When Jennie Nigrosh first conceived of her company, The Green Garmento, she had no idea she’d wind up in the laundry business. Before launching her reusable dry-cleaning bag company in 2008, Jennie worked at a Los Angeles record label. She spent her days meeting famous people, enjoying “two-hour prosecco lunches” and dashing off to the Cannes Film Festival with her husband (and, now, Green Garmento co-founder) Rick.
Turns out Jennie was far more passionate about plastic than prosecco. Today, The Green Garmento is used in over 1000 dry-cleaning chains and by hoteliers across 25 countries. Jennie and her products have been featured in theNew York Times, The Today Show and onShark Tank, and have won awards from the hospitality and housewares industries. Most impressively, thanks to her reusable dry-cleaning bag that doubles as a duffle, Jennie aims to cut single-use plastic-bag waste by a whopping 300 million pounds per year.
Why did you decide to start a reusable dry-cleaning bag business?
Back in 2005, I realized there was something better in the world that I could be doing. I married later in life, and we tried to have kids for quite a long time, but it didn't work out. We were throwing a lot of money into that, and I thought, let's put our money into something that actually could grow. If procreating is not meant to be, maybe we can do something else positive.
I’m not necessarily a “green” person, I just hate waste. I'm not a hoarder, but I have a hard time throwing things away if I don't know where they're supposed to be thrown. I wasn't sure how to recycle all these plastic dry-cleaning bags that were ending up as my own personal landfill in my closet. My husband and I would fight about it. I would be naked in my closet looking for clothes to wear and then be late for work. It was a total nightmare!
I was also seeing what havoc this plastic material is having on our ecosystem. It's not just about the plastic patch that's growing in the ocean. Marine life are confusing it for food. How would you like it if your kids confused a plastic bottle cap for a Cheerio? It's no different. Marine life are going to look for something to eat to survive. And they're surviving on something synthetic we created to cover our clothing, which lasts for ten minutes. That just didn’t seem right.
Your brand is all about sustainability and eco-awareness. How are you taking that message to others in the industry?
I've been working with large companies to create reusable or sustainable products. I’ve learned the general population doesn't really understand how to be more earth friendly. When I get in front of big companies I can say, "Listen, you're doing a promotional giveaway, why don't we make it something that's sustainable" or "You have a delivery service, why don't we have a vessel that people can reuse over and over again?” While we’re at it, why don't we get some marketing on that vessel!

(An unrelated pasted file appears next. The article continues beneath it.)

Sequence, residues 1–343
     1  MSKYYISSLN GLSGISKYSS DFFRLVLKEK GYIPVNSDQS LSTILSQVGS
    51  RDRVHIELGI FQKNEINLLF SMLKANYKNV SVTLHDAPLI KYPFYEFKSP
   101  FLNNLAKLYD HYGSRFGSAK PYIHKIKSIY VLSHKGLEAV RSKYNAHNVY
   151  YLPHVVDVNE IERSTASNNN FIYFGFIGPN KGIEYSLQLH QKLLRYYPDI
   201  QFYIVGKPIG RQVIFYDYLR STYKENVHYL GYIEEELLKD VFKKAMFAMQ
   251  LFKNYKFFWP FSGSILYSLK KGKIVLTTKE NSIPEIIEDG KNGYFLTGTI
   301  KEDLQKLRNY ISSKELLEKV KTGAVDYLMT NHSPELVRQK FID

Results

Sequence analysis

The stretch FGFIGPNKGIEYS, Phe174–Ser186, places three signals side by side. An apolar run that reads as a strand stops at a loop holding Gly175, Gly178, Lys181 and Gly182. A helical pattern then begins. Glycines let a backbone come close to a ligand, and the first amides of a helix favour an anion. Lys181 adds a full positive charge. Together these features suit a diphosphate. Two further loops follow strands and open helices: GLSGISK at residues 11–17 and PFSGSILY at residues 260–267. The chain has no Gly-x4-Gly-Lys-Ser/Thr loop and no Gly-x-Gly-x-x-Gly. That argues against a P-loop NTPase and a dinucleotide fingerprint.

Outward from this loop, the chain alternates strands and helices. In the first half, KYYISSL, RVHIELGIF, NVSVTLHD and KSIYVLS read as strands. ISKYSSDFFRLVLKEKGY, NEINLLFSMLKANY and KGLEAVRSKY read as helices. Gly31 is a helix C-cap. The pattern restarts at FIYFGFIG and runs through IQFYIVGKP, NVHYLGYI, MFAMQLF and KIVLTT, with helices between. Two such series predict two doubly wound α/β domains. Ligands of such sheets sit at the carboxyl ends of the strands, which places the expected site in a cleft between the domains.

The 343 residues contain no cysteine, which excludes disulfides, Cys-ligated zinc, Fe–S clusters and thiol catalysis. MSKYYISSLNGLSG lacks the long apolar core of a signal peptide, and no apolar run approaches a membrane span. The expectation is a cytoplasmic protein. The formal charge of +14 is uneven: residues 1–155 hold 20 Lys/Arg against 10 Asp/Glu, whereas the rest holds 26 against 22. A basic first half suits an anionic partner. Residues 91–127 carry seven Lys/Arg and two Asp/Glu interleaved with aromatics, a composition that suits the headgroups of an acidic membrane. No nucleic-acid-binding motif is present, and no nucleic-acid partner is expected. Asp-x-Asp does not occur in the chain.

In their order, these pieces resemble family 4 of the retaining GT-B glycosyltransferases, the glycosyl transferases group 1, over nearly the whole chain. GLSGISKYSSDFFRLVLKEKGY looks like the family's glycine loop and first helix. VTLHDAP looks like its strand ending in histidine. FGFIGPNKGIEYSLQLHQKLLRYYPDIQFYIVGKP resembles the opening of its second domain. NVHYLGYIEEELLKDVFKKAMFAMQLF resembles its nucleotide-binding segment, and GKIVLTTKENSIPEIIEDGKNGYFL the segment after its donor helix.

I was asked by another company to make a plastic bag that wasn’t reusable, and I turned down the business. Sometimes I have a crisis of conscience because my business needs the money but that’s not what my mission is.
Now I'm looking into bioplastic, so if it has to be a single-use bag, perhaps I can work with a plant-based plastic or compound. I may be able to offer somebody research or ideas and come up with the right property and pricing. That's how I've been able to turn my one little garment bag business into a more nimble approach to different businesses.
In the last ten years your business has expanded and you’ve been consulting with other companies. How do you keep up and still find time for yourself?
I think that physical health is critically important. As the saying goes,"If you don't have your health, you don't have anything." For me to be productive at work, I like to start my day with a walk or a hike, a little bit of yoga or a quick bike ride. I'm a morning workout person. When I get that blood flowing and I’m feeling my muscles, my brain starts firing. Having that sort of body-mind stimulation and connectivity helps me find focus for the day ahead.
You’re officially a seasoned entrepreneur. What insight can you offer small business owners who are just starting out?
You gotta have a business plan! If I had a business plan when I started -- and I didn’t -- it would have been easier to understand what potentially could happen to my business. I might have foreseen having a lot of competition and how that would completely distort my prices. I would have known more about doing business overseas.
Your friends and associates are going to say you have a great idea because they love you, and that’s lovely. We love our people because they love us and they think we're great and our business idea is a “no brainer.” And that’s exactly why you need real business mentors to review and critique your business plan so you can develop your own set of checks and balances.
Finally, don't ever think that what you do is so great it's a “no brainer” -- because there's no such thing!
Before you go
QB Community members, how often do you consider sustainability in your business? Can you share any tips for making your small business more earth-friendly? We’d love to know.
I've worked in print, broadcast and digital media for 20 years and managed to start a couple small businesses along the way. I love collaborating with and supporting creative folks who have great ideas. As Content Creator for the QB Community team, I’m excited to help other small-business owners be the best they can be!